a new meaning for literacy

via Slashdot, the San Francisco Chronicle reports on November 20, 2008:

Rather than wasting their time, children who gab on Facebook or play online games are gaining valuable social skills and learning some technology basics, according to a study to be released today.

The report, sponsored by the MacArthur Foundation, contradicts the idea held by many educators, parents and policymakers that children should be blocked from online social networks and video games like Halo, which allow users in different locations to play together. Instead, children should be encouraged to use the technologies to gain a certain level of digital literacy, the study said.

… But critics have called social networking a distraction and, in some cases, a danger because of the potential for children to befriend strangers. Hoping to limit children’s use of the services, some schools now block access to such sites.

and why not build online social networks for schools?

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Self-directed learning and brain development

via Kottke, from the New Yorker on November 17, 2008, a critique of the “brain plasticity” research published in the nineteen-nineties,” with emphasis added to highlight the relationship between self-directed learning and brain development:

This research said that, while the infant brain is, in part, the product of genes, that endowment is just the clay; after birth, it is “sculpted” by the child’s experience, the amount of stimulation he receives, above all in the first three years of life. That finding prompted many programs aimed at stimulating babies whose mothers, for whatever reason (often poverty), seemed likely to neglect them. Social workers drove off to homes deemed at risk, to play with the new baby.

But upper-middle-class parents—and marketers interested in them—also read about the brain-plasticity findings, and figured that, if some stimulation is good, more is better. (Hence Baby Einstein.) Later research has provided no support for this. The conclusion, in general, is that the average baby’s environment provides all the stimuli he or she needs.

Marano thinks that the infant-stimulation craze was a scandal. She accepts the idea of brain plasticity, but she believes that the sculpting goes on for many years past infancy and that its primary arena should be self-stimulation, as the child ventures out into the world. While Mother was driving the kid nuts with the eight-hundredth iteration of “This Little Piggy,” she should have been letting him play on his own.

Marano assembles her own arsenal of neurological research, guaranteed to scare the pants off any hovering parent. As children explore their environment by themselves—making decisions, taking chances, coping with any attendant anxiety or frustration—their neurological equipment becomes increasingly sophisticated, Marano says. “Dendrites sprout. Synapses form.” If, on the other hand, children are protected from such trial-and-error learning, their nervous systems “literally shrink.”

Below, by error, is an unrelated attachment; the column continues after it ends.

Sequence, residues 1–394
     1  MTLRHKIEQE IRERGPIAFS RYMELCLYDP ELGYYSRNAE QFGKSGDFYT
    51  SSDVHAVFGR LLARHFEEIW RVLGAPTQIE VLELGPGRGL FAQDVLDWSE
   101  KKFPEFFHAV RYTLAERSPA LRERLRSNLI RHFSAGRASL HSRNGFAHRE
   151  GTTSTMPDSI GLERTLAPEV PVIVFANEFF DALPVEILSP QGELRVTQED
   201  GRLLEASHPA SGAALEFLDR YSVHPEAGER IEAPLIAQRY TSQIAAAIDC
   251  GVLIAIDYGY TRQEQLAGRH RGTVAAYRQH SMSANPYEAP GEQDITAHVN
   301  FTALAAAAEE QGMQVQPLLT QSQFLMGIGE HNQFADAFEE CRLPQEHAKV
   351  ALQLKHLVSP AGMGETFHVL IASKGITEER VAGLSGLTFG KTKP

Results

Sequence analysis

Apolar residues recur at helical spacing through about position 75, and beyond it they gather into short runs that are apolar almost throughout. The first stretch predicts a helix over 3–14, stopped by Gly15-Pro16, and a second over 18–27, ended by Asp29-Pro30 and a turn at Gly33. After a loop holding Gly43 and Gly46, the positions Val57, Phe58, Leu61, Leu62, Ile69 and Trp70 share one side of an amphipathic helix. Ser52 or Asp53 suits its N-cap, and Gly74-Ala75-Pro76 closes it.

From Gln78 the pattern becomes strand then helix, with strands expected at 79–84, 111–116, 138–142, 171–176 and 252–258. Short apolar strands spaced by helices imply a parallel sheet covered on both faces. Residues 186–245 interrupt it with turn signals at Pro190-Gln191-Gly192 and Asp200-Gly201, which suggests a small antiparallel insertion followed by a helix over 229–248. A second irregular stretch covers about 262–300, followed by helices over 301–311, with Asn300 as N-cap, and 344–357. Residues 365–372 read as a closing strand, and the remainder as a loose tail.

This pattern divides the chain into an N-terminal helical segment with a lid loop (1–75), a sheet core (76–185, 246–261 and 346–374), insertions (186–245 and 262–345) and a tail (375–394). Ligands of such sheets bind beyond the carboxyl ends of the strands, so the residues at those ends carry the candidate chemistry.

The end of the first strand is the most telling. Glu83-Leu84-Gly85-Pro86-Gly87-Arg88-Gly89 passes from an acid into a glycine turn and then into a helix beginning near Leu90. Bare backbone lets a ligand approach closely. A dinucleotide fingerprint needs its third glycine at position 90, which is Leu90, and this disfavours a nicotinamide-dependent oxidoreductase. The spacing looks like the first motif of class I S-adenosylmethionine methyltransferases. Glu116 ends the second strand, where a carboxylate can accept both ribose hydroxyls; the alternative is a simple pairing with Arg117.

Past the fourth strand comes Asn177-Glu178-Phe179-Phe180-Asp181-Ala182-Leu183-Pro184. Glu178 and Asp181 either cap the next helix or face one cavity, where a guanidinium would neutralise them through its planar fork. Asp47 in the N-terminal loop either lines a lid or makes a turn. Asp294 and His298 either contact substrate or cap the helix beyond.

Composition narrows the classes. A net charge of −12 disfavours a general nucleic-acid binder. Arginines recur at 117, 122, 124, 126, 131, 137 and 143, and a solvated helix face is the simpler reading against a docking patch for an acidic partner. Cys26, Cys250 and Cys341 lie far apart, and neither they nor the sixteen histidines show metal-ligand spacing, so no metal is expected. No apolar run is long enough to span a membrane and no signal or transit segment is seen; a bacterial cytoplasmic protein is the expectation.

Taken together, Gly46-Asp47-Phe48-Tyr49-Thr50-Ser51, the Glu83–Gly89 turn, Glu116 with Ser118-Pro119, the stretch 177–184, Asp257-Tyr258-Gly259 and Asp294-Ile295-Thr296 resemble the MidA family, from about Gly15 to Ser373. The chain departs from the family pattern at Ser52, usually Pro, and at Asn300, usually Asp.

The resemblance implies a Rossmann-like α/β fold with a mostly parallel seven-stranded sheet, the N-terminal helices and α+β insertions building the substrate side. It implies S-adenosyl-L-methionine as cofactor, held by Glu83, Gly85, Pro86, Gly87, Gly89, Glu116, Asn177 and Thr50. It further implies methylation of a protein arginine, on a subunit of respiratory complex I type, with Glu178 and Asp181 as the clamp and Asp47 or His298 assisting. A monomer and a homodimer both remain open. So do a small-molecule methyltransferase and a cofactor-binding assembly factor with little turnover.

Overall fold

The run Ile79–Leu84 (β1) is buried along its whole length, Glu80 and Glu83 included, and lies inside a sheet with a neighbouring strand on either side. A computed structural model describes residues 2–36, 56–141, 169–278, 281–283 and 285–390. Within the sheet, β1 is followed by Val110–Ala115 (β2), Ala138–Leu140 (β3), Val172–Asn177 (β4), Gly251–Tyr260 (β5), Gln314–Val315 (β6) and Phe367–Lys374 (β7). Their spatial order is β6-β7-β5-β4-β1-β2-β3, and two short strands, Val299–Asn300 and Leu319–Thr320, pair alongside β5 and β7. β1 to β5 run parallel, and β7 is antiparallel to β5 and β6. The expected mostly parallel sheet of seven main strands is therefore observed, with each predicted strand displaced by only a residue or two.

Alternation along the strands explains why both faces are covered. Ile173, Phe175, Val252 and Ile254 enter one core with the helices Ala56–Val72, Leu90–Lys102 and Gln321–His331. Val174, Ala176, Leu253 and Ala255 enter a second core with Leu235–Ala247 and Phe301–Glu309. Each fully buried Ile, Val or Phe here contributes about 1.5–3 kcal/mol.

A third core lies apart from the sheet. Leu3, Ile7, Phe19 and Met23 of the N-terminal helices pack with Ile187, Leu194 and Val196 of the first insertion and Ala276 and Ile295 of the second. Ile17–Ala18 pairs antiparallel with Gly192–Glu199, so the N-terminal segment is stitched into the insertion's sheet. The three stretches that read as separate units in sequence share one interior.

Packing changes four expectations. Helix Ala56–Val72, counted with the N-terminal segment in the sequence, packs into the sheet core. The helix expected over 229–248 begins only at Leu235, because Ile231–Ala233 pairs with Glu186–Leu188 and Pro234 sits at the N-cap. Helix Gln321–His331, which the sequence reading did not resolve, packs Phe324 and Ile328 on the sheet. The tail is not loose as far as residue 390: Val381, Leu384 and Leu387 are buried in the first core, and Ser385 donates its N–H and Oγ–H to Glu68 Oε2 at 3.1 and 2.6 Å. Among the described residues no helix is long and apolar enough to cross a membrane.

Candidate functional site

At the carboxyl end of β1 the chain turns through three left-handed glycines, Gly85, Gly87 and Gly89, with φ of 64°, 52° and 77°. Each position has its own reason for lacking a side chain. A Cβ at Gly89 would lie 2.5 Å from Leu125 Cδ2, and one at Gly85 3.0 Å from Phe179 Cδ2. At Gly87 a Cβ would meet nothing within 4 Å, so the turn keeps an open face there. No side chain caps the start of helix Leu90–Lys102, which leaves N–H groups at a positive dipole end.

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Open Access online research links

This is a collection of free, almost-free and sometimes-free websites that publish peer-reviewed articles and studies that relate to education, learning, web technology and the online world.

Many of these links were found in posts from Online Learning Update, which also exists here.  Some links were found via the Directory of Open Access Journals.  This list will be updated when additional resources are found, and readers are encouraged to add suggestions in the comments.

Free:

Contemporary Issues in Technology and Teacher Education ( CITE )

“Established with funding from a U.S. Department of Education … grant, CITE Journal makes possible the inclusion of sound, animated images, and simulation, as well as allowing for ongoing, immediate dialog about theoretical issues.”

The European Journal of Open, Distance and E-Learning ( EURODL )

“an online journal on distance and e-learning, publishes the accounts of research, development and teaching” “free to readers and contributes to the Open Content movement.”

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a view of the blogosphere

via Data Mining: Mapping The Blogosphere:

Here we have a hyperbolic display of blogs using both the WWE and the ICWSM 2007 data sets.

03/1/2007

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“A Vision of Students Today”

is the title to this video by Dr. Michael Wesch and the students of Introduction to Cultural Anthropology,  Class of Spring 2007 at Kansas State University:

which presents a question about how to effectively employ web technology in the classroom.

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Obamagogy

image via Consumerist, from MoveOn

“What we’ve been doing is trying to teach people to do what Obama does during his speeches — to tell their own stories to motivate others,” he says. “You’re building this sense of commitment to both the values and people, but you’re structuring it purposefully to achieve goals like, ‘In this district, we need 2,000 votes.'”

Via Wired on October 29, 2008:

Obama is the first to successfully integrate technology with a revamped model of political organization that stresses volunteer participation and feedback on a massive scale.

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